Nitrogen-fixing microbes

C&I Issue 1, 2021

Read time: 2 mins

XiaoZhi Lim

To feed a growing world without an accompanying increase in greenhouse gas emissions, microbes may soon step up as a new source of protein.

Microbial protein promises huge increases in efficiency of land and resource use, compared with traditional meat or plant protein – in particular, that of nitrogen use. Around 1-2% of the world’s energy is spent synthesising ammonia from unreactive nitrogen gas, but much of this fixed nitrogen never makes it to vegetable or animal protein.

By one estimate, conventional agriculture is just 16% efficient at turning nitrogen into protein, with significant quantities of lost nitrogen ending up as pollution (Environ. Sci. Technol., doi: 10.1021/es505432w).

Microbes are far more efficient than plants at taking up nitrogen. But even for growing microbes, nitrogen needs to be supplied in the form of nutrients. Some microbes can fix their own nitrogen, but those tend to be very sensitive to oxygen and are difficult to grow industrially, says Brian Sefton of NovoNutrients, a US, California-based biotech company. In nature, nitrogen-fixing bacteria live inside nodules on the roots of legume plants, which maintain an anaerobic environment for the bacteria.

Nico Boon at the University of Ghent in Belgium and his colleagues recently attempted to find a microbe that could potentially grow on minimal nutrients by consuming carbon dioxide, hydrogen and oxygen gases, while fixing its own nitrogen from air (Environ. Sci. Technol., doi: 10.1021/acs.est.9b06755).

The researchers cultured three sets of bacteria taken from forest soil, a microbial fuel cell and saline sediment with either nitrogen gas or dissolved ammonium as the sole source of nitrogen, and carefully controlled oxygen levels. The researchers observed some of the bacteria could indeed grow by fixing their own nitrogen, incorporating carbon dioxide into their biomass, and oxidising hydrogen for energy. But those eating ammonium grew twice as fast and produced double the biomass for the same quantity of hydrogen and oxygen supplied.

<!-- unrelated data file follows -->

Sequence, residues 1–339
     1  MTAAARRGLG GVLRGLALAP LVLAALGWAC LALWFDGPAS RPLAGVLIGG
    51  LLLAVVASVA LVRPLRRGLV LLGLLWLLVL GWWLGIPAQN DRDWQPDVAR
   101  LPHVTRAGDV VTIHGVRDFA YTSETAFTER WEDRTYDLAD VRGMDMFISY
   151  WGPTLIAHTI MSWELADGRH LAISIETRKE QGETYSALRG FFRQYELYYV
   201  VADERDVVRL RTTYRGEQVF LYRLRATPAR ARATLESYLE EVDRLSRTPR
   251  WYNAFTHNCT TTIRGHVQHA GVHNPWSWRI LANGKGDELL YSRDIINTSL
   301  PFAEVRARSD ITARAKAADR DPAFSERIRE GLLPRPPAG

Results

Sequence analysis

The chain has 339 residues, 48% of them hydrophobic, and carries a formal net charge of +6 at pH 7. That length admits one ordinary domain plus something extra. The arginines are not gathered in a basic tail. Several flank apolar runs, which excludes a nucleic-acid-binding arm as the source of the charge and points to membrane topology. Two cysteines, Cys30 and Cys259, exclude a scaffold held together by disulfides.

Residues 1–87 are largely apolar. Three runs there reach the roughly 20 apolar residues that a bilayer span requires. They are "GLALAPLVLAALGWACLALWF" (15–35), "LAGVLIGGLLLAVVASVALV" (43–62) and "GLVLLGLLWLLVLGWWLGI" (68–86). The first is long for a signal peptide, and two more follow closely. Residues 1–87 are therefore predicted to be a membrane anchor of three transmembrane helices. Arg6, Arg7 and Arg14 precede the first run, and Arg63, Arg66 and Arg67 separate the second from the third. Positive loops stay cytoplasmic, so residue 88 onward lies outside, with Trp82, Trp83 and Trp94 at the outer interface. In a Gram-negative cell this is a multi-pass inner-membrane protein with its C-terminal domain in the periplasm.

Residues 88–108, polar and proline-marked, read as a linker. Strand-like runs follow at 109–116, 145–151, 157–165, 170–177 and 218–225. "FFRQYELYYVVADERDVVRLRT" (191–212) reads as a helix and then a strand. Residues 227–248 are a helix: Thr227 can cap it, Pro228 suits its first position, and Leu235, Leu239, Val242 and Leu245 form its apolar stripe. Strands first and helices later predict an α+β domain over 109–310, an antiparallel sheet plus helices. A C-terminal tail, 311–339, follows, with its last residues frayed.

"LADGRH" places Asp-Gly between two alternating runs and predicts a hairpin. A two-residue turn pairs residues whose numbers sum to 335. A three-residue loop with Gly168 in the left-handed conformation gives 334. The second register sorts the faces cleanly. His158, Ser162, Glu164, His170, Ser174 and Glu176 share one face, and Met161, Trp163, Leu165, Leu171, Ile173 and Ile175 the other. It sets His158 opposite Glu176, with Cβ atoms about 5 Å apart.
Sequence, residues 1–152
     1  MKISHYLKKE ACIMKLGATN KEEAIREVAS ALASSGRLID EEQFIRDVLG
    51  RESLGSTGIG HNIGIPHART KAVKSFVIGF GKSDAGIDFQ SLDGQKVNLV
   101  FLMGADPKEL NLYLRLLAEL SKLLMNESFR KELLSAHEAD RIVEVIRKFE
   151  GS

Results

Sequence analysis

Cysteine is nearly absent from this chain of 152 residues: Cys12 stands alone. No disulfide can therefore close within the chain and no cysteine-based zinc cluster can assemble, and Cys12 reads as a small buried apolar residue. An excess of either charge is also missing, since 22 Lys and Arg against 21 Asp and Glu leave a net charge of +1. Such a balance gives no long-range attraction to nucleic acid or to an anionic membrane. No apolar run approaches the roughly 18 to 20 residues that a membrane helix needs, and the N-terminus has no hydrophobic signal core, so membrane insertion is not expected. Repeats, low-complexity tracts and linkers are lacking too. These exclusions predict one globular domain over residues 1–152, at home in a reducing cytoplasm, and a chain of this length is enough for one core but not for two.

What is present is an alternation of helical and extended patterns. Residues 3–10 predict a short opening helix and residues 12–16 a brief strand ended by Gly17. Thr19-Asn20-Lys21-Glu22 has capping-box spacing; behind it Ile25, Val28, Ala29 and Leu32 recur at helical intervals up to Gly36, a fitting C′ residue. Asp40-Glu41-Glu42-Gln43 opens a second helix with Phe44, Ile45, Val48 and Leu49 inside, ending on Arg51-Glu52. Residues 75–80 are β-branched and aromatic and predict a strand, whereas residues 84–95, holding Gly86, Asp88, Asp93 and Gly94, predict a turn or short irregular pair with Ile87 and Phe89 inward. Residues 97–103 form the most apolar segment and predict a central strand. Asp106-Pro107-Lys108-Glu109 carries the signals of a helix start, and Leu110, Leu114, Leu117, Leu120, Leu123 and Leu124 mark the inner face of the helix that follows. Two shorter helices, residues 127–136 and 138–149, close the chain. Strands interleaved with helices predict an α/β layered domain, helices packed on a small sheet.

‘Bacteria are very good at calculating their best profits, so they will try to grow with the least effort,’ says Boon. Because nitrogen fixation is an energy-intensive process, when ammonium is present, the bacteria’s nitrogen-fixing genes become down-regulated and the energy savings could be redirected to growth, he explains.

Since there is a trade-off between using reactive nitrogen to get faster growth, and letting the microbes fix their own nitrogen but grow slower and use more hydrogen for energy, Boon thinks a possible happy medium could be stripping ammonia from wastewater and feeding that to microbes. To prevent pollution from high levels of ammonium in wastewater, typically, denitrification processes at wastewater treatment plants turn ammonium into nitrates, and finally into nitrogen gas. Meanwhile, at a different chemical plant, nitrogen gas is converted back into ammonia for synthetic fertilisers.

‘If you really think of the environment to try to solve some of the problems we have, recovery may be a better way,’ Boon says.

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